“Revival” by Lisa M. Bradley
Reviewed by Tara Grímravn
“Revival” by Lisa M. Bradley
A preacher who can heal the infirm has set up a revival tent on land owned by Carmen’s uncle. Carmen, who suffers from a skin condition, goes to see him. She’s terrified of him, though. The very sight of him fills her with dread and she nearly faints at the thought of being called on by him. Fortunately, she’s saved by a handsome, gray-faced man named Swift who, seeing that she’s ill, leads her out of the tent into the fresh air. He’s been following the preacher, hoping that perhaps the traveling miracle worker might be able to help him with his troubles. When the preacher moves on, a spark of romance with Carmen has made him decide to stay. As their love grows, it becomes clear just what Swift was running from.
The first thing to jump off the page at me in Bradley’s story was the writing style. The sense of alliteration present throughout was nice. It was more obvious in places like the opening paragraphs than others but still made the reading feel lyrical and flowing.
Something else that really caught my attention was Bradley’s careful weaving of many elements common to folktales and fairy tales into her tale. Overall, the story feels like it has strong roots in traditional storytelling and it would seem that she draws on many sources for inspiration. For example, the scene in which the two shadows are talking about stealing souls while Swift listens in horror reminds me of a Hispanic folktale I once read about a drunk man who passes out in a cemetery. When he wakes, he overhears two thieves discussing their haul and, mistaking them for demons talking about stealing souls, swears off drinking for good. That’s not exactly the situation Swift encounters in “Revival” but the premise is similar. Also, while it wasn’t explicitly stated, Carmen’s mother’s rebozo provided a form of magical aid and protection, something very common in fairytales, as is the calling in of companions (Carmen’s cousins). It’s this combination of things along with love, both familial and romantic, that helps them prevail in the end. I really quite enjoyed this story.
“Silver Springs” by T.R. North
In the early 1900s, the narrator, a young lady with a penchant for stealing, is taken by her parents to a special hotel in Florida that deals in the eradication of vice in a most unusual way—mermaids. Along with other clients aboard the hotel’s glass bottom boat, she gives a mermaid a silver coin meant to represent her unfortunate habit, only to have the mermaid try to pull her into the water. Once back at the hotel, the narrator discovers that the mermaid isn’t finished with her just yet.
What I found particularly fascinating about North’s story is the particular combination of mythological elements that make up the tale. This isn’t just another run-of-the-mill mermaid story starring shipwrecks and sailors or even a re-telling of Hans Christian Andersen’s The Little Mermaid. This is something else entirely unexpected.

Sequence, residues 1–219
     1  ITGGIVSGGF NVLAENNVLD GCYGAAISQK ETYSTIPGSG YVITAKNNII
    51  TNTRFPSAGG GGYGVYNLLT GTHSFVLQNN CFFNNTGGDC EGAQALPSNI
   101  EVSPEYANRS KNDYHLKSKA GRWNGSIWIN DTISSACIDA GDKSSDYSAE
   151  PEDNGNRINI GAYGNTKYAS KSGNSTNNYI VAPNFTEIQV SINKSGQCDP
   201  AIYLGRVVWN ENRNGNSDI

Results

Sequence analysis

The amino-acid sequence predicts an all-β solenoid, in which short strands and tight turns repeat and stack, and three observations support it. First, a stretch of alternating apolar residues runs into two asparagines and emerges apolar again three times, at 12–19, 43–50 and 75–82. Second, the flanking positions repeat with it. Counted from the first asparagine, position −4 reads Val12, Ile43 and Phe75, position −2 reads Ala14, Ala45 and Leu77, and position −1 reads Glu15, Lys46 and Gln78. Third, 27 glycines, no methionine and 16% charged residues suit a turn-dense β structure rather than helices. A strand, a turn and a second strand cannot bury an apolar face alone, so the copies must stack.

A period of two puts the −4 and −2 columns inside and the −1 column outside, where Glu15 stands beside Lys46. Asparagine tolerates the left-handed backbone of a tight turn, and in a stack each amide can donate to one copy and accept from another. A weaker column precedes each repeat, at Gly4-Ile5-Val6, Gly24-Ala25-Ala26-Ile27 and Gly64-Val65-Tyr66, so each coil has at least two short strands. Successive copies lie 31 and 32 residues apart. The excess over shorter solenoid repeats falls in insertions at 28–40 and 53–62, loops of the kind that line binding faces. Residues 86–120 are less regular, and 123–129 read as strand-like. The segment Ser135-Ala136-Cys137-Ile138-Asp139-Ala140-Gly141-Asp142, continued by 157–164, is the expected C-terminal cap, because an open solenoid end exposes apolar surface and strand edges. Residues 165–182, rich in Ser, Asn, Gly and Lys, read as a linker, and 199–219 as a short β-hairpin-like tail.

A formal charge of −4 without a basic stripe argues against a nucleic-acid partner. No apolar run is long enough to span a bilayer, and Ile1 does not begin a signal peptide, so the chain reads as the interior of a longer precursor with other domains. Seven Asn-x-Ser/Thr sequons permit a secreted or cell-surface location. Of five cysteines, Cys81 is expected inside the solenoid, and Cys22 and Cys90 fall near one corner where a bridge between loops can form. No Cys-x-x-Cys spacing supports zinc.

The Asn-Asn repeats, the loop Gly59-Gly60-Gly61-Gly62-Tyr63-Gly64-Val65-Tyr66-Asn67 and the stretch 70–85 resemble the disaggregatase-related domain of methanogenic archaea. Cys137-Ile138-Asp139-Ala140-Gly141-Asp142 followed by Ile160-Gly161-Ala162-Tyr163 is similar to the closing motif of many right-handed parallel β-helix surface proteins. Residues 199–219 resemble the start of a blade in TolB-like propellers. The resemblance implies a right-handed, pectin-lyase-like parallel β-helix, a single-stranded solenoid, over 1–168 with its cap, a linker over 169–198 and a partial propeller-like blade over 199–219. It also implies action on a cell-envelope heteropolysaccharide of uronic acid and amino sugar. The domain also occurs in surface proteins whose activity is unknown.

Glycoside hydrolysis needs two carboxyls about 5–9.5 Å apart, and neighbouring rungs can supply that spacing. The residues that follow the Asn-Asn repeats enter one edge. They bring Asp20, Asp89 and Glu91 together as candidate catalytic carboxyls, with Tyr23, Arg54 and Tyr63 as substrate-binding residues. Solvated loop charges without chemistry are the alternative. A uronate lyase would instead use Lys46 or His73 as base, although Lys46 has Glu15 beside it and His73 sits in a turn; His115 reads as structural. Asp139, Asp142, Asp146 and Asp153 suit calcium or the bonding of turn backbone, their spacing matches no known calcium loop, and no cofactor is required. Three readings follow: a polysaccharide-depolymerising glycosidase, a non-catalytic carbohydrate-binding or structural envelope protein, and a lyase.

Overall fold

Starting with the setting, Florida is associated with mythological wonders such as the Fountain of Youth, and its swamps and waterways have a plethora of associated legends so the location is very apropos. To be honest, I don’t think the story would have worked quite as well if it were set elsewhere. Surrounded by pristine spring waters and tropical vegetation, I could easily see how the narrator could liken alligators to dragons upon seeing them for the first time, making the rumors of a “magical cure” for her thievery seem all the more plausible. It just would not have had the same effect if it were to take place in Massachusetts or California.
Moving on to the proverbial star of the show, although I’m not familiar with any mermaid folklore specific to Florida, there are many legends worldwide about this mystical creature that speak to their capacity for help or harm. Combined with the coin offering, North’s story winds up as a really interesting twist on wishing wells and the ancient belief that by making an offering to a local water spirit (which mermaids are often considered to be), a person can obtain mystical assistance in whatever they desire.
Of course, there was one hole in the narrative that I noticed. It was the unexplained concern that the locals had over the altercation on the boat, which plays a role in the ending. This could have been alleviated had there been a little more elucidation on the nature of the mermaids by the captain or the crew near the beginning, as clearly this isn’t a new phenomenon—the mermaids have been there a while and the locals have been coexisting with them for some time. While I understand that being vague on this point was likely done to create tension, a little more detail on the nature of mermaids as the locals understood them would have been useful. The small mention of their diet, which left the possibility open that humans could be on the menu, wasn’t quite enough to solidify a strong sense of danger for anyone involved, nor was it enough to explain why the crewman pushes the narrator into the water as if she had created a dangerous situation for the obviously frightened locals.
Regardless of this small point, however, it was a great story and one I definitely recommend reading.